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"An outstanding contribution to the historiography of the American West and likely will remain for a long time the definitive work on the Texas Panhandle."—Ernest Wallace"As one born in the region, Rathjen is sympathetic to it, but he is also understanding of it; there is little Chamber of Commerce stuff in his story." —Robert G. AthearnThe Texas Panhandle—its eastern edge descending sharply from the plains into the canyons of Palo Duro, Tule, Quitaque, Casa Blanca, and Yellow House—is as rich in history as it is in natural beauty. Long considered a crossroads of ancient civilizations, the twenty-six northernmost Texas counties lie on the southern reaches of the Great Plains, where numerous dry creek beds and the Canadian River have carved the region appropriately named the High Plains.Through these plains and their canyons, ancient peoples trailed game for the hunt. The Panhandle provided choice grazing lands for bison, and as the region became more familiar to ancient tribes, semipermanent camps marked the landscape. Yet when Coronado's conquistadores crossed the High Plains in search of fabled wealth and found sun-baked adobe instead of gold, they declared the region a wasteland. Likewise, the Republic of Texas found little use for their vast plains land—considering settlement of the frontier far too dangerous. Not until the late-nineteenth century, as the U.S. Army waged war on the Comanches, Kiowas, and Cheyennes who lived there, did Panhandle tracts of frontier open to hard-bitten settlers who had to prove themselves as indomitable as they were land hungry.Departing from the premise that the Panhandle frontier "is but a brush stroke on . . . [the] much larger canvas" of previous frontier histories, Rathjen challenges the work of Frederick Jackson Turner and Walter Prescott Webb, and proves that regional is by no means synonymous with provincial.
|Preface to the 1998 Edition|
|The Middle Nineteenth Century||67|
|The Buffalo Hunters||115|
Posted January 17, 2002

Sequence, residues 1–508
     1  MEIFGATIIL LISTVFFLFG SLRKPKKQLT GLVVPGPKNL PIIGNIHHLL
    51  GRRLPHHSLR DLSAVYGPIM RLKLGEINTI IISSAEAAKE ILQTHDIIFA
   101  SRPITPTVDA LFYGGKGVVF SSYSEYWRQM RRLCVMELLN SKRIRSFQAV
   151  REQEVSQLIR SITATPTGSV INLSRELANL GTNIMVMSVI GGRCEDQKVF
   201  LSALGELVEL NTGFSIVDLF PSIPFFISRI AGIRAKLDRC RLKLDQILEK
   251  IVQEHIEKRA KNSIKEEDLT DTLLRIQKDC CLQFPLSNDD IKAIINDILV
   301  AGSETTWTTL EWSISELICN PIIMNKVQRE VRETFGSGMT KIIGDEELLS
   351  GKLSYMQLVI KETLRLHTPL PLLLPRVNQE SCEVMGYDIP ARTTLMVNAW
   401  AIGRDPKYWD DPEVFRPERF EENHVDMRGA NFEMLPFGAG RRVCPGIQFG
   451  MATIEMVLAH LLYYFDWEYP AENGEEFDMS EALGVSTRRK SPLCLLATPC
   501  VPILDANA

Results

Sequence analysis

As a relative newcomer to the Texas Plains-Panhandle region, I found this book quite helpful in advancing my understanding of the forces that crafted its culture. Rathjen artfully begins with a geographic review of the llano flat lands and the canyons that splay out from them. He moves chronologically from the Paleo Indian cultures through the Spanish explorers, the Anglo-American scientist-explorers, the historic Indian cultures, the buffalo hunters, and finally, the U.S. military conquest. The Panhandle region was discovered by Europeans twice¿first by Coronado and his followers from Spanish New Mexico and later by the Anglo scientists, such as James Abert and Randolph Marcy. Yet, the wearying sameness of the region, its extreme weather, and paucity of water intimidated settlers, leaving it open through the middle 19th century for the free run of semi-nomadic Comanches and other native groups. Coming to this region from El Paso, I wondered why the Spanish influence was nearly absent from the Plains-Panhandle. Rathjen shows how the area today might have been oriented toward New Mexico if the Spanish explorers of the 16th and 17th centuries had seen the region as a place of settlement rather than as an expanse to be crossed in the search for gold. Ultimately in the 19th century, as more choice lands were claimed, the region attracted Texas cattlemen and ranchers who saw financial opportunity in the emptiness. Hence, the region today is oriented east to the heart of Texas and even north toward Dodge City, Kansas. Rathjen suggests that the tough barren landscape drew settlers who were equally as tough. His book helps a reader to understand how an intense and often uncompromising Christian Bible-based culture took hold in an uncompromising terrain. The book also leads the outsider begrudgingly to admire this land and its relatively new residents, yet also to lament that its Native peoples were not permitted to flourish and add a plurality to the region. Rathjen deals sensitively with the various groups who crossed the land, crediting both the Indians and their white adversaries with the intelligence and nobility of worthy opponents. In different ways each found a niche in a difficult land. He acknowledges the sometimes severe military tactics on both sides and also presents a dispassionate but sympathetic look at the buffalo slaughter of the late 1800s. Rathjen¿s prose is never overbearing, melodramatic, or intrusively opinionated. He allows readers to draw their own conclusions about the complex relationships between humans of different cultures, animals, and the environment that all must share. The book is well written and engaged in its subject. Rathjen is to be commended for the way in which he periodically summarizes the chapters and draws meaningful conclusions. Passages like the following are especially insightful: 'Significantly the scientific exploration of the Texas Panhandle was exclusively financed and directed by the federal government and executed by its agents, and was in no way a function of state or private enterprise. Having occurred in a state that owned its public lands, this fact, in turn, suggests that the federal government was far more a factor in the development of the American West than has generally been supposed' (113). The Texas Panhandle Frontier is a classic study of this region. It is an excellent companion to Walter Prescott Webb¿s The Great Plains, Dan Flores¿s Caprock Canyonlands, and Donald Worster¿s Dust Bowl: The Southern Plains in the 1930s. Rathjen provides a highly readable history of a part of the West that is indelibly woven into our American heritage.Was this review helpful? Yes NoThank you for your feedback. Report this reviewThank you, this review has been flagged.